Contents: UU World Back Issue

Soul medicine

by Suzanne Meyer

Some people think religion is like a dose of penicillin. When something is ailing your soul, go get a shot of church to fix you right up. These people are usually disappointed when the occasional “emergency room” visit to church fails to do the trick. In actuality, religion is like vitamins, the regular use of which builds you up. Participation in a community of faith won’t ensure that troubles never come your way, but it may help to bolster your emotional, spiritual, and human resources in advance of hard times.

Some people think that a congregation is like McDonald’s. Drive up to the window and order what you need. “Give me some spirituality, a side order of ethics, a little reassurance, and a small prayer, and make it snappy!” In truth, church is like your mama’s kitchen: If you want something, you gotta get up and fix it yourself. A congregation is a cooperative institution; everyone is expected to participate in the creation of community and to share the load. The operative question is not what can I get out of this, but what of myself can I give? Faith communities exist not to serve us, but to teach us how to serve.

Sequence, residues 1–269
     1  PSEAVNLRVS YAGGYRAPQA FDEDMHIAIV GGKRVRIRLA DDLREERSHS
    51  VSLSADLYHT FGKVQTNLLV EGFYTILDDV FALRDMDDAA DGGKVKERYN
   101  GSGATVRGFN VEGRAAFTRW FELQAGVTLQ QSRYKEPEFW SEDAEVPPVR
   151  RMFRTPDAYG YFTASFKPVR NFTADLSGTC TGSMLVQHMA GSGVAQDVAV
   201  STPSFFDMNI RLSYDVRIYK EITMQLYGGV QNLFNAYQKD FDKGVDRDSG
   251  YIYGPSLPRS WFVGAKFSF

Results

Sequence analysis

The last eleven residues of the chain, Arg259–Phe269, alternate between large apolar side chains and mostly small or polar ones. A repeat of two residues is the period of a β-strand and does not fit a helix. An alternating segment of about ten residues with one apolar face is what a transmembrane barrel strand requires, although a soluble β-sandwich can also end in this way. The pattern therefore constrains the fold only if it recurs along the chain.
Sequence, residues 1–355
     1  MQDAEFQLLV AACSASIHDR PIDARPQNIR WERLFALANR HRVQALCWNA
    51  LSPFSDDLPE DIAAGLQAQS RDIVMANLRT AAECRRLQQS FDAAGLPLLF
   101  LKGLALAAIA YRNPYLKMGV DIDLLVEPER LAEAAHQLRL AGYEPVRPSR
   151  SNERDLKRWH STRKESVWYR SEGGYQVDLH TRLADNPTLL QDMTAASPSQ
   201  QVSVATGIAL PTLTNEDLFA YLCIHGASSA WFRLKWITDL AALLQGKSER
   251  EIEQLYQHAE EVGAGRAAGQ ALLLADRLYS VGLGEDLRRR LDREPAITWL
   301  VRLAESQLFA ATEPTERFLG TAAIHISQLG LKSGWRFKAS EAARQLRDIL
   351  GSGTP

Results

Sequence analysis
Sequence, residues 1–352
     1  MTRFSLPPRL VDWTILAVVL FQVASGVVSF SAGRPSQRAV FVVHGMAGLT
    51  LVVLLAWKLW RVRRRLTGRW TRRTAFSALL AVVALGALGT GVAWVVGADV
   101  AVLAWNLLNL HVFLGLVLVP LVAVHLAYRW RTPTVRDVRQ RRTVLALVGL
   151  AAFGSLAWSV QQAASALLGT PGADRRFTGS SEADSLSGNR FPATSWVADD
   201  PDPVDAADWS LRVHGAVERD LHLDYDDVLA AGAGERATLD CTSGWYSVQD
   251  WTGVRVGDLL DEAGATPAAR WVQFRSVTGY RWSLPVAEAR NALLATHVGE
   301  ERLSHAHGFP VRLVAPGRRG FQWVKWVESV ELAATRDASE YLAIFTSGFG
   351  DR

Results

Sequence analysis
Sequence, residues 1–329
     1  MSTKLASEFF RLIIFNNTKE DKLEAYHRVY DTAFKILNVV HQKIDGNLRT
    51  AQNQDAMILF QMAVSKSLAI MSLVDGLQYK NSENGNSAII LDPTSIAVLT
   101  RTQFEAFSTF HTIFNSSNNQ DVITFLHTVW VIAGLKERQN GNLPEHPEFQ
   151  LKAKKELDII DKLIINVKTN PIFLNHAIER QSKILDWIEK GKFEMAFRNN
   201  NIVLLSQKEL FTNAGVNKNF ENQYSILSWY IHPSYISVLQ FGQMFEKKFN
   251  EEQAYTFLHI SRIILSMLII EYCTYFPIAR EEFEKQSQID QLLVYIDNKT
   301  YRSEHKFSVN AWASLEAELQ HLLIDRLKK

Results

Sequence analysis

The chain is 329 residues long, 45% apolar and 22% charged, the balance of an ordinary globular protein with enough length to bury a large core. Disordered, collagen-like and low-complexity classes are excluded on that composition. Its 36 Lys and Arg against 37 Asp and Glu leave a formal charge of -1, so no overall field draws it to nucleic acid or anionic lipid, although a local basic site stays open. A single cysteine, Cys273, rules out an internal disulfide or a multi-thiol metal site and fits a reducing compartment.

Some people think that religion is like a warm bath. It’s supposed to “make you feel comfortable and good all over all the time—“Calgon, take me away!” But in fact, authentic religion is often more like a cold shower or a wake-up call to the soul. Sometimes it is necessary for your religious community to disturb you, shake you up, or prick your conscience. Part of a congregation’s ministry is prophetic. The prophetic ministry reminds us that we don’t always live up to our best ideals. The church exists not to make us comfortable, but to teach us how to comfort. The church exists not to maintain the status quo, but to transform lives and institutions.

The Rev. Suzanne P. Meyer is the minister of the First Unitarian Church of St. Louis, Missouri.

 Contents: UU World Back Issue
: 19

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